Two preliminary pilot phases of a peer-mediated social skills program—Stay, Play, and Talk—within inclusive early years settings in Ontario, Canada, investigated changes in observed social interactions and perceived social skills. In Phase 1, a single-subject AB design demonstrated increases in total social interaction units for two of three kindergarten participants during structured activities, and pre- and post-intervention educator ratings demonstrated small social skill increases with peers for all three participants. In Phase 2, pre- and post-intervention educator ratings for nine participants in a group design demonstrated increases in play interaction and disruption and decreases in play disconnection, with a large effect size for increases in play interaction. Findings suggest that program participation within structured settings may support social skills gains for children with social communication difficulties.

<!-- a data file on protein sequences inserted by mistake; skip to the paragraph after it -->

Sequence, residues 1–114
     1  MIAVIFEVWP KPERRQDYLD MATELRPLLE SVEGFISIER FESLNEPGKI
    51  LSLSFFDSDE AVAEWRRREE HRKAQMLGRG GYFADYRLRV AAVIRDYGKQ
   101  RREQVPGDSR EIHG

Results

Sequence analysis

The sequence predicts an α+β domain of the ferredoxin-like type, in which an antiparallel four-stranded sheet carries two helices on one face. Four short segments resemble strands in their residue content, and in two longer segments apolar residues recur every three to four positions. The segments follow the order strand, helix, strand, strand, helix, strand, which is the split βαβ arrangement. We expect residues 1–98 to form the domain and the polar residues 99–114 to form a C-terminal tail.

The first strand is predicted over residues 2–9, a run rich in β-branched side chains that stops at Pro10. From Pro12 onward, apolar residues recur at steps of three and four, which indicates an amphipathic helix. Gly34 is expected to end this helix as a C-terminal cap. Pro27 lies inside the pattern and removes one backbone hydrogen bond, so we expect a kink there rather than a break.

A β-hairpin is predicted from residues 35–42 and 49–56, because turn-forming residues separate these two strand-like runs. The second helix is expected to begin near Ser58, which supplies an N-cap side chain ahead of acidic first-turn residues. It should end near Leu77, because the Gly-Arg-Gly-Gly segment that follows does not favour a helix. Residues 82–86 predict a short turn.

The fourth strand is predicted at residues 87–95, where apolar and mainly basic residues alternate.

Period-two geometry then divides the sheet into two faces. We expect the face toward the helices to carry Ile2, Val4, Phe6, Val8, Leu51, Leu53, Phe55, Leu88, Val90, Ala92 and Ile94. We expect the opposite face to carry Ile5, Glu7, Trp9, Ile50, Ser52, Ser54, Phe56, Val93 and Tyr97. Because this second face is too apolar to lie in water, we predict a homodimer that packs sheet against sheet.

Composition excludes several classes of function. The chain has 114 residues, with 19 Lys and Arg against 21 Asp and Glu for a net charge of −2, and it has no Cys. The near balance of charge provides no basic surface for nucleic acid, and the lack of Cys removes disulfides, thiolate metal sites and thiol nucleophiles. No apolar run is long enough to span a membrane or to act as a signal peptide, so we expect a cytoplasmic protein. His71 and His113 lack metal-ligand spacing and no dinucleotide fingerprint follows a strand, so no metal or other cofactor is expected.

Maich, K., Hall, C. L., van Rhijn, T. M., & Squires, K. (2018) Investigating Stay, Play, & Talk: A Peer-Mediated Social Skills Intervention for Young Children with Autism Spectrum Disorder and Other Social Challenges. Exceptionality Education International, 28, 82-104. Retrieved from https://ir.lib.uwo.ca/eei/vol28/iss2/5